Calreticulin and focal-contact-dependent adhesion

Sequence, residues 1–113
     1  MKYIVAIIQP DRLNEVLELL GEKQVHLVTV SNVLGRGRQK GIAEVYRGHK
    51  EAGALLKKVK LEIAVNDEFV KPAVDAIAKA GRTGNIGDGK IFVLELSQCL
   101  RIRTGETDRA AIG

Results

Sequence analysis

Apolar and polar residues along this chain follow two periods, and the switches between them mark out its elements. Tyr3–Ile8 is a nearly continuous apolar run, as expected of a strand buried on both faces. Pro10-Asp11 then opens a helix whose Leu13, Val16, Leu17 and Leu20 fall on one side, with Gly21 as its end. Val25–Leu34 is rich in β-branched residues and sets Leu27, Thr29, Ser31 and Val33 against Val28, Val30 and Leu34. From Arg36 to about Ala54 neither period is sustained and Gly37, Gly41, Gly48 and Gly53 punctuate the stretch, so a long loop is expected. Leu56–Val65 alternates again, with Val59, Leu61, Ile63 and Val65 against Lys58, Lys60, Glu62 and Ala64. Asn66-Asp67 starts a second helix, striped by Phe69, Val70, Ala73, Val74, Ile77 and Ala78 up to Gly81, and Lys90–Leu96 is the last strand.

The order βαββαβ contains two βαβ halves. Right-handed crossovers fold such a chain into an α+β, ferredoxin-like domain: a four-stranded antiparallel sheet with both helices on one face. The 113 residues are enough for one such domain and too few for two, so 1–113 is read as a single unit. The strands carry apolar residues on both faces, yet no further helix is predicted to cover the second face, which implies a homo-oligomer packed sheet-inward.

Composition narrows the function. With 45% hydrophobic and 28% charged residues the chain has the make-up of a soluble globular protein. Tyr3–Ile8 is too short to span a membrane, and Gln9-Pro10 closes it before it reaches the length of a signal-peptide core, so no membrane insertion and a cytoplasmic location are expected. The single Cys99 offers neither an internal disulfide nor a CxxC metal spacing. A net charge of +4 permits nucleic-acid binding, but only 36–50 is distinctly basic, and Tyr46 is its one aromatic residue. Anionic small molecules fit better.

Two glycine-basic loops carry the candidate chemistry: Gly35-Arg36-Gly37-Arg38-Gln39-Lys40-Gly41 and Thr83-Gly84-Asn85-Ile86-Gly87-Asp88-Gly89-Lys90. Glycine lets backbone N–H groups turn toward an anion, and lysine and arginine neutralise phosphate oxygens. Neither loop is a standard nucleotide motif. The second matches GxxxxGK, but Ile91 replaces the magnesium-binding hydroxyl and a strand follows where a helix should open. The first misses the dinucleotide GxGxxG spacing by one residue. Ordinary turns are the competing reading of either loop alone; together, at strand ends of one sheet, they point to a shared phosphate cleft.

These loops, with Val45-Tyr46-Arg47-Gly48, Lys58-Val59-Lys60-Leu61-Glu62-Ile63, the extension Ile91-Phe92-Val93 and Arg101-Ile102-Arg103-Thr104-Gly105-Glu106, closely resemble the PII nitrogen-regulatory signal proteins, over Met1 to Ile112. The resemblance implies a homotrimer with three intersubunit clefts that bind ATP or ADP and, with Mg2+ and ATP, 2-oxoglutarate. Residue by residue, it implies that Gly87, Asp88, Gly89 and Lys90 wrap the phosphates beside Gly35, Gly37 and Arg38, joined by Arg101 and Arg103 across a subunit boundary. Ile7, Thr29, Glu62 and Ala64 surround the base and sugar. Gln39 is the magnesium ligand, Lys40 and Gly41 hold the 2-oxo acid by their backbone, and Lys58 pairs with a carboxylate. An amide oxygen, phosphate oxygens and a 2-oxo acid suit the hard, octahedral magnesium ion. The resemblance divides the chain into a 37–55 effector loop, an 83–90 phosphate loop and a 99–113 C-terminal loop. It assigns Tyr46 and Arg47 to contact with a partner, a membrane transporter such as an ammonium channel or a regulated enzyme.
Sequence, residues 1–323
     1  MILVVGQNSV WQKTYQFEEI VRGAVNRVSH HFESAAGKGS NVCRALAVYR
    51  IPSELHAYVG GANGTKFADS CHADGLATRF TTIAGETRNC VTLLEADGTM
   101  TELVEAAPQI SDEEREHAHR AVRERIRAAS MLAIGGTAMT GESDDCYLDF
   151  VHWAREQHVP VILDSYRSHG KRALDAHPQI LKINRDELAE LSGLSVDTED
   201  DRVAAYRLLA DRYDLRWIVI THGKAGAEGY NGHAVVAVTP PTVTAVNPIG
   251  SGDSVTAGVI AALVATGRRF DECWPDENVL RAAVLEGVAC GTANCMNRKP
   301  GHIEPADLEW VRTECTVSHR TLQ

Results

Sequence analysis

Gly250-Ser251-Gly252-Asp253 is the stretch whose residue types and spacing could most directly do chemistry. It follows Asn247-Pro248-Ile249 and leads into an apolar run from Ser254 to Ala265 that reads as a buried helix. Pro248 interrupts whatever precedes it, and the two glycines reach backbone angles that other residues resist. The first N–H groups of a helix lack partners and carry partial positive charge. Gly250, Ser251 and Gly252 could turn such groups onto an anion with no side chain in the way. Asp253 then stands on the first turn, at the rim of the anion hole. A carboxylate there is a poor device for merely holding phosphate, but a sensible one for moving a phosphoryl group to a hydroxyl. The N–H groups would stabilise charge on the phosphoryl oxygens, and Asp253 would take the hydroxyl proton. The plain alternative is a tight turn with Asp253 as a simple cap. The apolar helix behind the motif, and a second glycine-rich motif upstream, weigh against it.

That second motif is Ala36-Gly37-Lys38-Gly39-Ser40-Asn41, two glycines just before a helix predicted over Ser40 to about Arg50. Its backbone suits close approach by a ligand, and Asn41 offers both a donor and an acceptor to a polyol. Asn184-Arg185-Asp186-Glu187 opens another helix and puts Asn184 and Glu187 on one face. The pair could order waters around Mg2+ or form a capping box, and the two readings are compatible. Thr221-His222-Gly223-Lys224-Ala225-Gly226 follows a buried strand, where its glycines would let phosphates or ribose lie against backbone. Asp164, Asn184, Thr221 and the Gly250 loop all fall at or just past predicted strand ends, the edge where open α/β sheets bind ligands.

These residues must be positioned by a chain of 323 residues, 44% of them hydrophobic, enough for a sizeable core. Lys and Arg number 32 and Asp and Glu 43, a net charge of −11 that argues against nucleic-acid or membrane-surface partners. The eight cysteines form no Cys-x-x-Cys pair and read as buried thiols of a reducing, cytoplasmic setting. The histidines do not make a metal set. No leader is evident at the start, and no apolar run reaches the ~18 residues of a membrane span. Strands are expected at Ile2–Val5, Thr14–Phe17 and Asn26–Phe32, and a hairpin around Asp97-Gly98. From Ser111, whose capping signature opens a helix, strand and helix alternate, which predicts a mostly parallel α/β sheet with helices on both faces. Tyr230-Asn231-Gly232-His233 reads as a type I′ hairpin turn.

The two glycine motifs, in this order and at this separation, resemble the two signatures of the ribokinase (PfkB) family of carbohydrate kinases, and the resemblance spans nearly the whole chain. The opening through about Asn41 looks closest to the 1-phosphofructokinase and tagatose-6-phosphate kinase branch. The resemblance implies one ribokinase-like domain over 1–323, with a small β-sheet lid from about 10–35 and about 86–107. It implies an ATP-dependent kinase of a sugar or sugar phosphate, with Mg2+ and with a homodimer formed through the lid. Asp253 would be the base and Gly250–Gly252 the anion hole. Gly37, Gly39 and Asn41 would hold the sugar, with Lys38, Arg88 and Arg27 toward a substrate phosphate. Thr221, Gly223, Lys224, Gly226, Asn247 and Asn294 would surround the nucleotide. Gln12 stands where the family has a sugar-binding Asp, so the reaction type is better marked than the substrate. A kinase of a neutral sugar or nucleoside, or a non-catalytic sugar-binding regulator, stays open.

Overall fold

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Cell adhesion is regulated by a variety of Ca2+-regulated pathways that depend on Ca2+-binding proteins. One such protein is calreticulin, an ER-resident protein. Calreticulin signalling from within the ER can affect processes outside the ER, such as expression of several adhesion-related genes, most notably vinculin and fibronectin. In addition, changes in the expression level of calreticulin strongly affect tyrosine phosphorylation of cellular proteins, which is known to affect many adhesion-related functions. While calreticulin has been localized to cellular compartments other than the ER, it appears that only the ER-resident calreticulin affects focal-contact-dependent adhesion. In contrast, calreticulin residing outside the ER may be involved in contact disassembly and other adhesion phenomena. Here, we review the role of calreticulin in focal contact initiation, stabilization, and turnover. We propose that calreticulin may regulate cell-substratum adhesion by participating in an "ER-to-nucleus" signalling and in parallel "ER-to-cell surface" signalling based on posttranslational events.
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